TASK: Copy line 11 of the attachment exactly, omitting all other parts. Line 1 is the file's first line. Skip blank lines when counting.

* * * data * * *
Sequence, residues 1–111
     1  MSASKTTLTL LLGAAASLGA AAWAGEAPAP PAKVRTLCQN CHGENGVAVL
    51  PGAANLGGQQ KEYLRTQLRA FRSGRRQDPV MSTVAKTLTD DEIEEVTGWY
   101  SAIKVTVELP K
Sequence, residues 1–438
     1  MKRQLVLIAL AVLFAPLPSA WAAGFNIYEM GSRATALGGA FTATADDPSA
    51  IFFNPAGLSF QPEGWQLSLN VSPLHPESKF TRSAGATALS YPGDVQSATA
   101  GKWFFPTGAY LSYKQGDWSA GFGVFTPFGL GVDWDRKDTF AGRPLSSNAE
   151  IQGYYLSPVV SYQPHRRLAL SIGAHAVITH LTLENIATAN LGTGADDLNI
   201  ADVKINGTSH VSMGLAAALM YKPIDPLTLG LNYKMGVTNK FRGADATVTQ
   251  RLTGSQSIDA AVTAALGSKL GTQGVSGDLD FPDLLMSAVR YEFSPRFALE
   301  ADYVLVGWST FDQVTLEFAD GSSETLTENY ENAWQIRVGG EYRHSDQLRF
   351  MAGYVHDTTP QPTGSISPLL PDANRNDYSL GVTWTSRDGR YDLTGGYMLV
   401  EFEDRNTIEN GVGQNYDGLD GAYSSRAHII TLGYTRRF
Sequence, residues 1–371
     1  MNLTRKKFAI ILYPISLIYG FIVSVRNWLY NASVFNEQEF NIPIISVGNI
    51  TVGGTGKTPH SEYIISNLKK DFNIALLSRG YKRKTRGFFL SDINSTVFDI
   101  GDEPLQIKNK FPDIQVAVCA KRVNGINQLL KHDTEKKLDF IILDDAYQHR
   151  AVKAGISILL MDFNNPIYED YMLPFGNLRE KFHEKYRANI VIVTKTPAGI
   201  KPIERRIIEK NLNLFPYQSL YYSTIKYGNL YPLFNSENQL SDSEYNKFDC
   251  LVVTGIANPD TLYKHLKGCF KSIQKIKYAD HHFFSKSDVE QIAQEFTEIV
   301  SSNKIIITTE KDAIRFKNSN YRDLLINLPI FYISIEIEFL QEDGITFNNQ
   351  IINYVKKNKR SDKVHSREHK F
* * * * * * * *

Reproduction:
   251  RLTGSQSIDA AVTAALGSKL GTQGVSGDLD FPDLLMSAVR YEFSPRFALE